Monthly Archives: June 2013

I really enjoyed Andrew’s book. I thought I knew about the structure (and structures) of the Internet, but this is is a detailed, critical and fun illumination which quickly proved me mistaken. It’s also a travel book, about an unreal place that spans/permeates real places, lives, spaces. And a wonderful one at that. Highly recommended.

(My emboldening below)

Everything you do online travels through a tube. Inside those tubes (by and large) are glass fibers. Inside those fibers is light. Encoded in that light is, increasingly, us. [Location 94]

The Internet is everywhere; the Internet is nowhere. But indubitably, as invisible as the logical might seem, its physical counterpart is always there. [Location 276]

TeleGeography in Washington was asking a computer science department in Denmark to show how it was connected to a university in Poland. It was like a spotlight in Scandinavia shining on twenty-five hundred different places around the world, and reporting back on the unique reflections. [Location 418]

You can demarcate a place on a map, pinpoint its latitude and longitude with global positioning satellites, and kick the very real dirt of its very real ground. But that’s inevitably going to be only half its story. The other half of the story comes from us, from the stories we tell about a place and our experience of it. [Location 485]

“If you brought a sophisticated customer into the data center and they saw how clean and pretty the place looked—and slick and cyberrific and awesome—it closed deals,” said Adelson. [Location 1211]

But it wasn’t the machine’s mystery or power that terrified Adams most. It was how clearly it signified a “break of continuity,” as he puts it. The dynamo declared that his life had now been lived in two different ages, the ancient and the modern. It made the world new. [Location 1826]

He counted off the zeros on the screen. “This point is the millisecond … this point is the microsecond … and this one is usually expressed as nanoseconds, or billionths of a second.” I mulled all the zeros on the screen for a moment. And when I looked up, everything was different. The cars rushing by outside on Highway 87 seemed filled with millions of computational processes per second—their radios, cell phones, watches, and GPSs buzzing inside of them. Everything around me looked alive in a new way: the desktop PCs, the LCD projector, the door locks, the fire alarms, and the desk lamps. [Location 2045]

Nearly universally, they wore black T-shirts and zip-up hooded sweatshirts, handy for spending long hours on the hard floor of the server rooms, facing the dry exhaust blast of an enormous router.[ocation 2378]

The Internet “cloud,” and even each piece of the cloud, was a real, specific place—an obvious reality that was only strange because of the instantaneity with which we constantly communicate with these places. [Location 3159]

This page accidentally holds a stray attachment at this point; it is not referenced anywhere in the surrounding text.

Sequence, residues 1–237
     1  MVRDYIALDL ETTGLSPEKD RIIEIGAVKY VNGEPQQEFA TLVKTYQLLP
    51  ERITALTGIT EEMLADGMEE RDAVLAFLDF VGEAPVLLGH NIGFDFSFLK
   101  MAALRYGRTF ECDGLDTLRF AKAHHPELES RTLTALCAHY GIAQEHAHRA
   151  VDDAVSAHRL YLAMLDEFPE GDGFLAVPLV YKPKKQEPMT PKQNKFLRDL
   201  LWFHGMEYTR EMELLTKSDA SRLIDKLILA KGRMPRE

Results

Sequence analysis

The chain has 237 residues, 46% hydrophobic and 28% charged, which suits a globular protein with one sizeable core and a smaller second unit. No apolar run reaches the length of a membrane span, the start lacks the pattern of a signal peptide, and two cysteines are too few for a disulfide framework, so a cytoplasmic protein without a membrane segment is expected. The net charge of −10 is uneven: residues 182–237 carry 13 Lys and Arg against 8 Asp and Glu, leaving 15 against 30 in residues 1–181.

The Internet had no master plan, and—aesthetically speaking—no master hand. There wasn’t an Isambard Kingdom Brunel—the Victorian engineer of Paddington Station and the Great Eastern cable ship—thinking grandly about the way all the pieces fit together, and celebrating their technological accomplishment at every opportunity. On the Internet there were only the places in between, places like this, trying to disappear [location 3183]

The emphasis wasn’t on the journey; the journey pretended not to exist. But obviously it did. [location 3186]

“Want to see how this shit really works?” he asked. “This has nothing to do with clouds. If you blew the ‘cloud’ away, you know what would be there?” Patchett asked. “This. This is the cloud. All of those buildings like this around the planet create the cloud. The cloud is a building. It works like a factory. Bits come in, they get massaged and put together in the right way, then packaged up and sent out. But everybody you see on this site has one job, that’s to keep these servers right here alive at all times.” [location 3268]

“If you lose rural America, you lose your infrastructure and your food. It’s incumbent for us to wire everybody, not just urban America. The 20 percent of the people living on 80 percent of the land will be left behind. Without what rural America provides to urban America, urban America couldn’t exist. And vice versa. We have this partnership.” [location 3299]

Go. Watch it. Now. Then read this.

"Right now, today, we can't see the thing, at all, that's going to be the most important 100 years from now. We cannot see the thing. At all. But whatever that thing is -- people will have to think it. And we can, right now, today, prepare powerful ways of thinking for these people. We can build the tools that make it possible to think that thing. We cannot see the thing. At all. My job is to make sure our children can."
I'm so glad he's on it. Hope I can do something small to push in that direction while I'm here.